I guess all of that is possible… but why do employers have to pay more than minimum wage for workers who are essentially unskilled? Wouldn’t those jobs be filled immediately by the “eager to work” but unemployed?

  13. Gary Drescher

    March 22, 2014 @ 11:11 am

    13

    Philip: Even if your suggested ploy is effective, it merely gives a misleadingly-advertised unemployed person an advantage over other unemployed persons. It does not add to the number of jobs available, which is less than the number of jobs sought. So just as many people end up unemployed.

    philg: “David: Your idea that long-term unemployed people have ‘never met an entrepreneur’ and are not from ‘privileged backgrounds’ is contradicted by the referenced New York Times article, which shows that there is almost no correlation between education level and the probability of being long-term unemployed versus short-term unemployed.”

    There’s no contradiction between David’s notion and the NYT claim. While education may not be correlated with the length of unemployment once unemployed, it is certainly correlated with being unemployed in the first place. So non-privileged people, who already predominate in the population as a whole, predominate even more among the long-term (and short-term) unemployed.

    philg: “How could a person who had been working at minimum wage be able to survive on unemployment benefits, which would presumably pay less than the employed (minimum) wage?”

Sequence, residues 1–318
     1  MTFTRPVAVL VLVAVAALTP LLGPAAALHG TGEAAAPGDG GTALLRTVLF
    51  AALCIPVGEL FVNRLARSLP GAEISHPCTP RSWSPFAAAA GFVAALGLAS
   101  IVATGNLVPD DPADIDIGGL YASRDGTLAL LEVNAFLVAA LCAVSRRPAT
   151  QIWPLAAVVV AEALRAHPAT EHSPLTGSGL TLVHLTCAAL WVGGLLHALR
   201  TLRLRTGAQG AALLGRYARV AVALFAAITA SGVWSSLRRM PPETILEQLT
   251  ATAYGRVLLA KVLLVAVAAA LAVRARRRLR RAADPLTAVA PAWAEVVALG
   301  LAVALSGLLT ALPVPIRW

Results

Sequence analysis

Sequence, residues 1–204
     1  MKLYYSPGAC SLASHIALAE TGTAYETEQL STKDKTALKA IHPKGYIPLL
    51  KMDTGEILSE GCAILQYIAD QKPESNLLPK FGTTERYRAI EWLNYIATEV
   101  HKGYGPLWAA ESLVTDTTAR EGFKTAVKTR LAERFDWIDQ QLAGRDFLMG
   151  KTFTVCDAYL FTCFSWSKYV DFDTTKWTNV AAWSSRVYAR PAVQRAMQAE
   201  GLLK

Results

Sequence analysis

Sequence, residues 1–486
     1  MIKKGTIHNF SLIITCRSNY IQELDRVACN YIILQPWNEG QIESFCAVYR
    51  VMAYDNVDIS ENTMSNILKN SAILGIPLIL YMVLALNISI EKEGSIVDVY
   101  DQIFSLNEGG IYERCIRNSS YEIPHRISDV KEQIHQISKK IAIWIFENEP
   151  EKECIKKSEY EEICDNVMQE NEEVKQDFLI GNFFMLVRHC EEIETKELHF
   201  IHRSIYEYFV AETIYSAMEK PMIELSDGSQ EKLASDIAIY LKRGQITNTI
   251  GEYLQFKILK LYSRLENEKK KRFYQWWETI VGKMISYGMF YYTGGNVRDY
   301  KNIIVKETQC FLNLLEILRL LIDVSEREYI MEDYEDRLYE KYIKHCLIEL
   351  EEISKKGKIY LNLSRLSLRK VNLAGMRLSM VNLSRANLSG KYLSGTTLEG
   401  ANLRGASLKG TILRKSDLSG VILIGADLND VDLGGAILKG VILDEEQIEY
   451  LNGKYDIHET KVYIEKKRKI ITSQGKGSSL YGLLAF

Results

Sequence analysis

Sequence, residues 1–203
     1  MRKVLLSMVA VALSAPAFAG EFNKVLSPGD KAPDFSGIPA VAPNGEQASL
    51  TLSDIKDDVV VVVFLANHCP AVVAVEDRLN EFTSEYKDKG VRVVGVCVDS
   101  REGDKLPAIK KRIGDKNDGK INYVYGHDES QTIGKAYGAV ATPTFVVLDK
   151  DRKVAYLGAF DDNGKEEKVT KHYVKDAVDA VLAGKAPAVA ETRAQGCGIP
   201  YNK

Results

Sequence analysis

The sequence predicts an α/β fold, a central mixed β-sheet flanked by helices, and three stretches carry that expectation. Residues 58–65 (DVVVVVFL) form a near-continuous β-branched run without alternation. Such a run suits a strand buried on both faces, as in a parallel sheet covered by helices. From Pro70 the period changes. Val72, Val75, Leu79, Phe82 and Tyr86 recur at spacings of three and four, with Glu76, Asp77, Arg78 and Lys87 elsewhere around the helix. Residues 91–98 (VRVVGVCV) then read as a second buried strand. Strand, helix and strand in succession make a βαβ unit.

The same way they survive when the unemployment benefits run out and there’s still no job for them: some combination of friends and family, other government safety-net programs, and private charity.

  14. philg

    March 22, 2014 @ 5:24 pm

    14

    Gary: I don’t think it is misleading for me to put down “Philip’s Child Care” on my resume if I am in fact doing some work as a babysitter/nanny. Similarly if I have some customers for snow shoveling I could put down “Snow Removal by Philip” on my resume. A lot of people who have jobs engage in a far larger degree of inflation.

    Another way of looking at this is “Why would a person who hasn’t had a full-time job for a year not take a part-time job babysitting, snow shoveling, or gardening?”

  15. Fabien

    March 26, 2014 @ 8:26 am

    15

    You’re right that there are ways to look employed even when you aren’t really. I’d say that those who don’t use those tricks aren’t bright enough, “bright” meaning here a mix of formal / social intelligence, motivation, basic education etc.

    And that’s why it makes sense to shun the visibly unemployed when looking for someone to hire: they’ve singled themselves out as people lacking basic practical sense, which is needed in almost every jobs, including so-called “unqualified” ones.

    In all match-making processes–it’s even clearer for dating than for employment–there are untold social codes, and whether you understood and respect them is your very first aptitude test. I believe that we have such tests, calibrated to have a sizeable proportion of the population failing them, on purpose, not by accident.